taberna, se suceden sin solución de continuidad. Formalmente esta parte
evoluciona desde un lenguaje cargado de imágenes artificiosas y rebuscadas,
con una pródiga adjetivación, a una reproducción poética pero fiel de la
charla vulgar y sórdida de la mujer que se interesa por los asuntos de Lil.
Esta última ha tenido cinco hijos, un aborto reciente, ha gastado el dinero con
el que tenía que pagar su dentadura nueva y su marido está a punto de volver
de la guerra. El cuadro mostrado es depresivo y decadente. El amor o una
visión gozosa de las relaciones carnales están muy lejos de la escena
mostrada por Eliot.

III. EL SERMÓN DEL FUEGO

El mítico Rey Pescador, trasladado a la orilla de la invernales aguas de un


Támesis contemporáneo, llora junto al río la esterilidad de su tierra que, a sus
espaldas, se resume en el ruido de los huesos que se entrechocan y las ratas
que se deslizan entre la muerte y la decadencia, figuras estas recurrentes en
toda La tierra baldía. Los amores culpables -en el sentido de una sexualidad
forzada, vacía y decadente por su falta de sentido- aparecen de nuevo
representados en la figura de Filomena forzada por Tereo, o en el paralelismo
modernizado del encuentro entre Acteón y Diana desnuda, aludido
oscuramente en las figuras de Sweeney y Mrs. Porter. Aparece también aquí
Tiresias, mudo testigo del ya relatado encuentro entre la mecanógrafa y el
joven “a la hora violeta”. Y, quizá el mercader de Esmirna -el mercader
tuerto anticipado por la pitonisa- represente un mundo burocrático y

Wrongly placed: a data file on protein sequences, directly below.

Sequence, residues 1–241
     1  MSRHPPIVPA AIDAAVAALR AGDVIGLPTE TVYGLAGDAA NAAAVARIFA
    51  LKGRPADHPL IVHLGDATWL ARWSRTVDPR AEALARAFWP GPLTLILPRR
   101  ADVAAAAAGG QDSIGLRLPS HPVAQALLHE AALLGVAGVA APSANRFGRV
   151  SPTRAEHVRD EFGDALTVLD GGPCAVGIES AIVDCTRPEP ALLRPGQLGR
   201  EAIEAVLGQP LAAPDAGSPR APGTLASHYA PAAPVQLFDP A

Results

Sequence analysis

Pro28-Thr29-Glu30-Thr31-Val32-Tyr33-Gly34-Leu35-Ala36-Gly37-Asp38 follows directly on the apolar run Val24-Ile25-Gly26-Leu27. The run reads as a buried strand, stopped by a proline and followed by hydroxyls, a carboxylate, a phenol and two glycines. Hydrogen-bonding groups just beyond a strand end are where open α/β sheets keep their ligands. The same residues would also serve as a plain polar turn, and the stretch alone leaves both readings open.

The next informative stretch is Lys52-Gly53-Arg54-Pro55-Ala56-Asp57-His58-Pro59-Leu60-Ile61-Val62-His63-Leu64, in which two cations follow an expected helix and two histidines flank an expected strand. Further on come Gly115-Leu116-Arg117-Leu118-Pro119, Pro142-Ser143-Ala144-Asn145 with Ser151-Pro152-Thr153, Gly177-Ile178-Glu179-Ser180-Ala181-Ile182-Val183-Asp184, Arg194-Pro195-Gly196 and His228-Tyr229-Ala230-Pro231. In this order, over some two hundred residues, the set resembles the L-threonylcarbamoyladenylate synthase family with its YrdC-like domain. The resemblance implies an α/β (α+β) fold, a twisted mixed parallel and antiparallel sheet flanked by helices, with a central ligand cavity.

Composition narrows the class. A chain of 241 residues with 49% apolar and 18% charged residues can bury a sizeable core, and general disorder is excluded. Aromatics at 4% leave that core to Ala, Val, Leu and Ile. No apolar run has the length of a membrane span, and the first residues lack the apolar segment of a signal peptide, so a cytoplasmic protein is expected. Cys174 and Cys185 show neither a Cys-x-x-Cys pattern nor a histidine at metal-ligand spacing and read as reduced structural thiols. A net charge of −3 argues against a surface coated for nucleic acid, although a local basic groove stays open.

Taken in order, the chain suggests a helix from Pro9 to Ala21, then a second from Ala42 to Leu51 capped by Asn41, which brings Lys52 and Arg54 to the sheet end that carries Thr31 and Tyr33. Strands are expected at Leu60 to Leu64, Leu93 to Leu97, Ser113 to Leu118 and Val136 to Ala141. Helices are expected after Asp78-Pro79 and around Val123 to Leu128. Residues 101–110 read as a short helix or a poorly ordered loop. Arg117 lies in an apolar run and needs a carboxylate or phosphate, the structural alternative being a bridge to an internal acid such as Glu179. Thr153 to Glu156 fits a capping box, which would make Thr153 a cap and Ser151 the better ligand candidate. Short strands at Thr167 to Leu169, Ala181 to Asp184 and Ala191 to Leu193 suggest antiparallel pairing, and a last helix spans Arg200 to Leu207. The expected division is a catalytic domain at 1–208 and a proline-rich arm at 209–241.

comercial que podría venir a completar en La tierra baldía el cuadro trazado
en Coros de “La Piedra”:

Los hombres han dejado a DIOS no por otros dioses, dicen,

sino por ningún dios; y eso no había ocurrido nunca

que los hombres a la vez negasen a los dioses y adorasen a dioses,


profesando primero la Razón,

y luego el Dinero, y el Poder, y lo que llaman Vida, o Raza,

o Dialéctica. (..)

Cuando a la Iglesia ni se la considera ya, ni se oponen


siquiera a ella, y los hombres han olvidado

a todos los dioses excepto la Usura, la Lujuria y el Poder.

Coros de “La Piedra”

Y las tres hijas del Támesis cantan su canción en la que, en la primera parte
(266-278), retratan, mediante el sudor de petróleo y alquitrán del río y las
gabarras a la deriva, la reiterada decadencia en la que se desenvuelve el
poema. En la segunda parte (289-291) se narra la infidelidad de la reina, con
lo que nuevamente se introduce el amor culpable que, tomando la falsilla
mitológica, nos recuerda como fue la infidelidad de la reina Ginebra con sir
Lancelot la que sirvió de punto de partida para muchos de los males del rey y
del reino. La pérdida de la pureza, la resignación forzosa y una indiferencia